for providing authentication to the OSPFv3 packets and attempts
      to solve the problems described above for OSPFv3.
      Additionally this document describes how HMAC-SHA authentication
      can be used for OSPFv3.
      By definition, HMAC ([RFC2104], [FIPS-198]) requires a
      cryptographic hash function. This document proposes to use any
      one of SHA-1, SHA-256, SHA-384, or SHA-512 [FIPS-180-3] to
      authenticate the OSPFv3 packets.
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      It is believed that [RFC2104] is mathematically identical to
      [FIPS-198] and it is also believed that algorithms in [RFC4634]
      are mathematically identical to [FIPS-180-3].
   2. Basic Operation
      In order to provide authentication for OSPFv3 packets,
      implementations MUST support the Generic Authentication
      extension header described in the subsequent sections.
      This will only be used to provide data integrity and cannot be
      used for confidentiality. If the latter is required then
      implementations MUST use ESP as described in [RFC4552].
      Using this authentication scheme, a session key (either
      statically configured or derived from some master key) is used
      on all the routers attached to a common network. For each OSPFv3
      protocol packet, this key is used to generate and verify a
      "message digest". This digest is carried inside the Generic
      Authentication extension header. The message digest is a one-way
      function of the OSPFv3 protocol packet and the secret key. Since
      the secret key is never sent over the network in the clear,
      protection is provided against passive attacks [RFC1704].
      The algorithms used to generate and verify the digest are
      specified implicitly by the key. In addition, a non decreasing
      sequence number is included in the Generic Authentication Header
      carried along with each OSPFv3 protocol packet to protect
      against replay attacks.
   3. OSPFv3 Security Association
      An OSPFv3 Security Association contains a set of parameters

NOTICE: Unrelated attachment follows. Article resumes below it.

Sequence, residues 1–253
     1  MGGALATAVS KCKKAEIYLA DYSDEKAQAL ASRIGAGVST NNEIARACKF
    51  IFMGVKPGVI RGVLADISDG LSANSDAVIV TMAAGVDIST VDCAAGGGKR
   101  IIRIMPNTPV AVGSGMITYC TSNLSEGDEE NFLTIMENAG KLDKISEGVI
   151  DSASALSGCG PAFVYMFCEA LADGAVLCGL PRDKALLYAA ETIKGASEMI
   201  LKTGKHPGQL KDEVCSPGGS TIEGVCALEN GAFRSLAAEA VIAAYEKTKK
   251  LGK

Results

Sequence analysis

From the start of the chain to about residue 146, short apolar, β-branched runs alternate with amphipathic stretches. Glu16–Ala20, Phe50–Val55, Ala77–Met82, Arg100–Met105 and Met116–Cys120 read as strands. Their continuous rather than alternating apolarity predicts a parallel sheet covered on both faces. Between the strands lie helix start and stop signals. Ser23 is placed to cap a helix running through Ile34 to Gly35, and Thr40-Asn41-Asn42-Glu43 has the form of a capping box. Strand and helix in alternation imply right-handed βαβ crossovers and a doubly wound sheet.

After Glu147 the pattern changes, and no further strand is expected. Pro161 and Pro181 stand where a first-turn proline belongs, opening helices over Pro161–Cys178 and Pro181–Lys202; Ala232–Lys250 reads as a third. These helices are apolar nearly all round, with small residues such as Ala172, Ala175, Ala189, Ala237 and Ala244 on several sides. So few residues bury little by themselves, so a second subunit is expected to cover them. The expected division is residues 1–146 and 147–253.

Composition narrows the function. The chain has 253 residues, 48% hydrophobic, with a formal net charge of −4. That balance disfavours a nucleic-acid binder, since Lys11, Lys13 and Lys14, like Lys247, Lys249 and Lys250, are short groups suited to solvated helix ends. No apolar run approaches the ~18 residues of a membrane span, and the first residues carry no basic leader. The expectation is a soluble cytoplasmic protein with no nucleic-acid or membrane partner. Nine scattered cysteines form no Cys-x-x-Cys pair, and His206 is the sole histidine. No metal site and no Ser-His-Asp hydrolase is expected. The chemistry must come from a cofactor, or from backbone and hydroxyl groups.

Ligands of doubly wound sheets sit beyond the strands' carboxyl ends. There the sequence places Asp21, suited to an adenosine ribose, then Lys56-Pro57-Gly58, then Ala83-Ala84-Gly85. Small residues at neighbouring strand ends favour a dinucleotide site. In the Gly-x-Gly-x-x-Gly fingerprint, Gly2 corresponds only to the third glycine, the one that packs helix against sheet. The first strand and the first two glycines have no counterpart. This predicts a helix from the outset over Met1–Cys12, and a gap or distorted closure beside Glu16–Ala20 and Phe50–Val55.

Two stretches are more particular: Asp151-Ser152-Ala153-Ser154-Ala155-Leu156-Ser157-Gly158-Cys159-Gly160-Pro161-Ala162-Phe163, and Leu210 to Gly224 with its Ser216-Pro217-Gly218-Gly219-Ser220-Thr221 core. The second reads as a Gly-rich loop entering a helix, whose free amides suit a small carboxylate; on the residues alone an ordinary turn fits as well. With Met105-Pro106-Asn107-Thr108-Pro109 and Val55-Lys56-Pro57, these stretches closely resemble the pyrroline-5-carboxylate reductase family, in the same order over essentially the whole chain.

shared between any two legitimate OSPFv3 speakers.
      Parameters associated with an OSPFv3 SA:
      Key Identifier (Key ID)
      This is a 32-bit unsigned integer used to uniquely identify an
      OSPFV3 SA, as manually configured by the network operator.
      The receiver determines the active SA by looking at the Key ID
      field in the incoming protocol packet.
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      The sender based on the active configuration, selects the
      Security Association to use and puts the correct Key ID value
      associated with the Security Association in the OSPFV3 protocol
      packet. If multiple valid and active OSPFV3 Security
      Associations exist for a given outbound interface at the time an
      OSPFV3 packet is sent, the sender may use any of those security
      associations to protect the packet.
      Using Key IDs makes changing keys while maintaining protocol
      operation convenient. Each key ID specifies two independent
      parts, the authentication protocol and the authentication key,
      as explained below.
      Normally, an implementation would allow the network operator to
      configure a set of keys in a key chain, with each key in the
      chain having fixed lifetime. The actual operation of these
      mechanisms is outside the scope of this document.
      Note that each key ID can indicate a key with a different
      authentication protocol. This allows multiple authentication
      mechanisms to be used at various times without disrupting an
      OSPFv3 peering, including the introduction of new authentication
      Authentication Algorithm
      This signifies the authentication algorithm to be used with the
      OSPFv3 SA. This information is never sent in cleartext over the
      wire. Because this information is not sent on the wire, the
      implementer chooses an implementation specific representation
      for this information.
      At present, the following values are possible:
      HMAC-SHA-1, HMAC-SHA-256, HMAC-SHA-384 and HMAC-SHA-512.
      Authentication Key
      This value denotes the cryptographic authentication key
      associated with the OSPFv3 SA. The length of this key is
      variable and depends upon the authentication algorithm specified